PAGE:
WELCOME TO baseball in October, when runs, comfortable leads and normal resting-pulse rates are hard to come by. From 1995 (the start of the three-round playoff format) through last fall, postseason games averaged 14% fewer runs than regular-season games. At the same time the number of games decided by one run increased by 14% in the playoffs, with nearly one out of every three postseason games decided by that slimmest of margins. It's a whole new ball game, in which closer, lower-scoring games put a premium on pitching. And that's why pitching dominates these key questions for the postseason.
1. Is Johan Santana unbeatable?
The Twins' ace is what Orel Hershiser was in 1988: the game's hottest pitcher, one who can extend his domination into October. (Hershiser was 3--0 with a 1.05 ERA that postseason, helping the otherwise unremarkable Dodgers win the World Series.) Through Sunday, Santana was 13--0 with a 1.18 ERA in 14 starts since the All-Star break. Because the lefty can start twice in the five-game Division Series, "no one wants to play Minnesota," one American League scout says. "As long as [the Twins] don't tighten up if they play the Yankees, they can win it all." In 33 starts through Sunday, Santana had allowed only 19 hits with runners in scoring position. And with righties Brad Radke and Carlos Silva following him, Minnesota won't offer its playoff opponents any gimmes. Radke, Silva and Santana ranked second, fourth and seventh, respectively, among AL pitchers in fewest walks per nine innings.
2. Do the Yankees have more than four reliable pitchers?
This is the thinnest New York staff among the nine that manager Joe Torre has taken to the playoffs. Righthanders Orlando Hernandez and Mike Mussina are his only trustworthy starters and righties Tom Gordon and Mariano Rivera his only battle-proven relievers. New York is in trouble if it doesn't get at least six innings from its starting pitchers, especially with righty reliever Paul Quantrill's getting lit up like Times Square. (Righthanded hitters have batted .340 against him this year.) Where do the Yankees turn for those big innings? Torre still expects righthander Javier Vazquez to contribute, though he was 1--4 with a 7.59 ERA in his last eight starts. The pivotal pitcher is righthander Kevin Brown, who lasted just two thirds of an inning on Sunday in his first start since breaking his left hand in a fit of rage on Sept. 3. New York acquired Brown to be an ace, but he has made only 21 starts and pitched seven or more innings in only nine of them.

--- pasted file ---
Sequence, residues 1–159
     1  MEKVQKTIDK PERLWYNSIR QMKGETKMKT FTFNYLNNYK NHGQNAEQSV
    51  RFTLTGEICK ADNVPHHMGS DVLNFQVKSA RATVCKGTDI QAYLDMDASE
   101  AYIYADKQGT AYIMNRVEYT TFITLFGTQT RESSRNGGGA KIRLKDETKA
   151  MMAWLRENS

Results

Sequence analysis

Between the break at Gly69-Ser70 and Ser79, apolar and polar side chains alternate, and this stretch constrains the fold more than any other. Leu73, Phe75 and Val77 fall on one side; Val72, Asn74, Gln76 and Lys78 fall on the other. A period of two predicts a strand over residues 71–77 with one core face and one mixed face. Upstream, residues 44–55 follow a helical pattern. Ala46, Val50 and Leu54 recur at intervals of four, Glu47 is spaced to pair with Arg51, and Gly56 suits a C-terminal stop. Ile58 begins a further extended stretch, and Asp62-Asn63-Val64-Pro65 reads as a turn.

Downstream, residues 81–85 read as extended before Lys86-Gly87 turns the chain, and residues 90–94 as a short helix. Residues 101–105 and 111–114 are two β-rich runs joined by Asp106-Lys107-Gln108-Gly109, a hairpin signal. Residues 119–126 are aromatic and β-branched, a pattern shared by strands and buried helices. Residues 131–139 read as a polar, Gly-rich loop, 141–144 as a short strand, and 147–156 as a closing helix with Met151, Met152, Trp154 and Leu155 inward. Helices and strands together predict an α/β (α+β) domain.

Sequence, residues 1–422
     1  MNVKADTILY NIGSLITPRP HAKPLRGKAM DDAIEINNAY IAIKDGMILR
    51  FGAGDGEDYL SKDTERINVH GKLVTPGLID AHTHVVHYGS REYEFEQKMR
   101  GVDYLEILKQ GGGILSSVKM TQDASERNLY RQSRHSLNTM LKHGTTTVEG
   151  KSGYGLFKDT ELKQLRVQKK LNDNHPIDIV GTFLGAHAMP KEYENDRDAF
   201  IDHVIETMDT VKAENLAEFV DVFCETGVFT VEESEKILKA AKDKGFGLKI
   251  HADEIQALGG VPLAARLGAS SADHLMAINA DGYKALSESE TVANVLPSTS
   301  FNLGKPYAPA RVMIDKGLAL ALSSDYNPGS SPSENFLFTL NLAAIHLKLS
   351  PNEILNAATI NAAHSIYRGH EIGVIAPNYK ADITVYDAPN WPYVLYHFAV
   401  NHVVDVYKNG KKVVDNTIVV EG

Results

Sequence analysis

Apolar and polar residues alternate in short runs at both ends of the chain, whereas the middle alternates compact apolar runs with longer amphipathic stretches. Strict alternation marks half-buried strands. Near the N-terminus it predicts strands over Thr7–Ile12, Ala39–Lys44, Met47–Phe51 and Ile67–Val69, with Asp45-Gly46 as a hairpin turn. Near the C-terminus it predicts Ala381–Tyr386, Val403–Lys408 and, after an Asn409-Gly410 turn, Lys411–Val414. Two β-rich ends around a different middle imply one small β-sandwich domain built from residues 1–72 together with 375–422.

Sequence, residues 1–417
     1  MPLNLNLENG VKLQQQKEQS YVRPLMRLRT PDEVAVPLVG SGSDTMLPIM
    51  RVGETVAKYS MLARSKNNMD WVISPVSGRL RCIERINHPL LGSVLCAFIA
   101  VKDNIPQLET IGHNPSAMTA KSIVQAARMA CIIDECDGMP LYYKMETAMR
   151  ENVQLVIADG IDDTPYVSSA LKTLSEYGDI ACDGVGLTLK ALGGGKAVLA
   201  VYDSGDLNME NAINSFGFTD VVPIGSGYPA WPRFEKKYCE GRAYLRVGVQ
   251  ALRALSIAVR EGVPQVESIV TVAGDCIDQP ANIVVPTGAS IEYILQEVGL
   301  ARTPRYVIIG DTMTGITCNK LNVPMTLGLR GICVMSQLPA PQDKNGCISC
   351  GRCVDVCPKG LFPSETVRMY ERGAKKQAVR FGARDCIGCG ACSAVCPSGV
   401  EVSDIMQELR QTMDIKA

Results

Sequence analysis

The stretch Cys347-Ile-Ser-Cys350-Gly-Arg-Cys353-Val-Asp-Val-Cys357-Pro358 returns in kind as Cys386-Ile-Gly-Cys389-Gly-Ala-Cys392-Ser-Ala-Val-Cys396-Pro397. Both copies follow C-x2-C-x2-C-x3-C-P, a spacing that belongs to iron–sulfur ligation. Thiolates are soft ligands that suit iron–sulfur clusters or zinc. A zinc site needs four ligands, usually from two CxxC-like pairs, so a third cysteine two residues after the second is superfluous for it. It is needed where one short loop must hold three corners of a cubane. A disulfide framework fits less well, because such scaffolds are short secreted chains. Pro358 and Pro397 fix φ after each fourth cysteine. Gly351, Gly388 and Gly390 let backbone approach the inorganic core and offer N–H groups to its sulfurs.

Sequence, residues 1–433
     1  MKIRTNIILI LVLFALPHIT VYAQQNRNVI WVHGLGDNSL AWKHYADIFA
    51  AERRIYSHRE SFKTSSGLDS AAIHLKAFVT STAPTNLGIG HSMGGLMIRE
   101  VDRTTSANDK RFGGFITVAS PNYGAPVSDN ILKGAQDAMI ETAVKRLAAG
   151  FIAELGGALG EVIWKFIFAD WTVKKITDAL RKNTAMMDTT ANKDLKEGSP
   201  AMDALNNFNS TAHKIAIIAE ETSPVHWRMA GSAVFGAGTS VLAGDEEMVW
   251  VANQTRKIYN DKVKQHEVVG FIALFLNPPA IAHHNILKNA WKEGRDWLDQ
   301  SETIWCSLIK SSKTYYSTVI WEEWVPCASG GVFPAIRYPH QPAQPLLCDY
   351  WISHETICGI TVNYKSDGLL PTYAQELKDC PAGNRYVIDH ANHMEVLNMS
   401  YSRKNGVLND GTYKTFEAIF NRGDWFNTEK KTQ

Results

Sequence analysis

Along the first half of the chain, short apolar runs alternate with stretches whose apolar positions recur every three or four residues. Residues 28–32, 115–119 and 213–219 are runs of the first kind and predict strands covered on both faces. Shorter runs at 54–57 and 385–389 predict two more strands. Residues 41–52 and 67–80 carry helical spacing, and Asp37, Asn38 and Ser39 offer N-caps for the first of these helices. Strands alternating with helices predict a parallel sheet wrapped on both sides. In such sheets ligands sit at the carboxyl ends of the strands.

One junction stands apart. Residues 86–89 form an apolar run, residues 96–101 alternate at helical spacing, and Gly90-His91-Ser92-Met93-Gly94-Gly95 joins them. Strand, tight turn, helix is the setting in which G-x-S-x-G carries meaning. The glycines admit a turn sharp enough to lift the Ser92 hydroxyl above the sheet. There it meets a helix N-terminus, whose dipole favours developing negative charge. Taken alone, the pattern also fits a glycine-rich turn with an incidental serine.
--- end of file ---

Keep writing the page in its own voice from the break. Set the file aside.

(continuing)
3. Are the Red Sox built for October?
Righthanders Curt Schilling and Pedro Martinez can be formidable, but Boston has had trouble all year winning in two critical areas: on the road and in close games. The power-reliant Red Sox are a different team away from cozy Fenway Park. At week's end they were 38--36 on the road while hitting 45 points worse (.259) than in Boston. As the likely AL wild card the Red Sox won't have home field advantage unless they reach the World Series. (Don't rule it out: Three of the past four Series entrants were second-place teams.) The Red Sox were 4--11 in one-run games on the road and 16--17 in close ones overall. Only one team with a losing record in one-run games has reached the World Series in the wild-card era: the 2001 champion Diamondbacks. The other 11 such playoff teams went 3--11 in their postseason series combined.
4. Can the Braves get the ball to John Smoltz with a lead?
The former clutch starter has made little impact as a closer in October. In its past 16 playoff games Atlanta is 6--10 and has gotten only one save from the righty Smoltz, who has struggled down the stretch this season (5.40 ERA, .344 opponent batting average since Aug. 3 ). It's up to righthanders Russ Ortiz and Jaret Wright and lefthander Mike Hampton (combined 6.0 innings per start) to put Smoltz in a save situation, while J.D. Drew and Chipper Jones lead a versatile offense. "The Braves just find a way to win," Reds general manager Dan O'Brien says. "They're not a team that sticks to a formula. On any given night they can beat you several different ways. With their playoff experience they could surprise people."
5. Can a one-game playoff victory propel a team to the World Series?
Not likely. The possibility of a fourth tiebreaker game in the past 10 seasons remained as three races--the AL West, NL West and NL wild card--were whisker-close heading into the final week of the season. None of the previous one-game playoff winners (1995 Mariners, '98 Cubs and '99 Mets) reached the World Series. --Tom Verducci